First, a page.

The Royal Navy’s Type 45 destroyer HMS Dauntless has finished its engine trials following an upgrade under the Power Improvement Project.
Known as PIP, the Power Improvement Project, addresses the resilience of the engines and power generation driving the many hi-tech sensors, systems and weapons on board the destroyer.
The Type 45 destroyer has undergone extensive trials around the UK throughout the summer, laying the foundations for its five sister ships as the entire class of Portsmouth-based air defence ships undergo the same upgrade.
To make the necessary upgrades, the two original diesel engines were removed and replaced with three more reliable, more powerful, cleaner generators.
Ensuring previous issues have been addressed, a storeroom has also been converted into a high-voltage switchboard to deal with the extra power now generated – between four and five Megawatts.
“PIP has provided extra flexibility and power that ‘future proofs’ the class for the next 20 to 30 years. It will also enable us to embark and integrate future weapon systems, enhancing the lethality of the Type 45 destroyer,” Ben Power, Dauntless’ Commanding Officer said.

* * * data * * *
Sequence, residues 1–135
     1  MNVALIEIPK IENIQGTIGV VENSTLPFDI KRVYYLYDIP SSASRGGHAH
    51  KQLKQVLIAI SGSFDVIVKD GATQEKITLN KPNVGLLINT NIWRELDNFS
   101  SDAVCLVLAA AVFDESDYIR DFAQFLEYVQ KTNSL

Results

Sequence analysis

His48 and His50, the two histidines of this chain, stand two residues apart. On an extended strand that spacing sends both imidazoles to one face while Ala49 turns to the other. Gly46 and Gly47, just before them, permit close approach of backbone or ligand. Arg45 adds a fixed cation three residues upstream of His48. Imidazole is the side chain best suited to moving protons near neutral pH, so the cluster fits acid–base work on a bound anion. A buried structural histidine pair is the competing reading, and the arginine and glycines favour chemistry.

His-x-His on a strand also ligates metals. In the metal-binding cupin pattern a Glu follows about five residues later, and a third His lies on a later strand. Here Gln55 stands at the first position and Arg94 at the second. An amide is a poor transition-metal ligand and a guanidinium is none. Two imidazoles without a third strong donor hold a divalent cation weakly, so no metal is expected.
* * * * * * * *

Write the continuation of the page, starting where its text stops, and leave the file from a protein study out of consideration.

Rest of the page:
Now back in Portsmouth, Dauntless is undergoing crucial planned maintenance and systems upgrades for the rest of the year.
Trials, training and assessment will follow in the spring, with the ship fully operational again and ready to deploy worldwide from next summer.
PIP is being delivered under a design and manufacture contract between the Ministry of Defence and BAE Systems, and delivered in collaboration with BMT Defence services and Cammell Laird.
HMS Daring, the first ship in the class, is currently undergoing PIP in Birkenhead, as Dauntless was, while HMS Dragon is receiving its new engines as part of a broader refit with BAE in Portsmouth.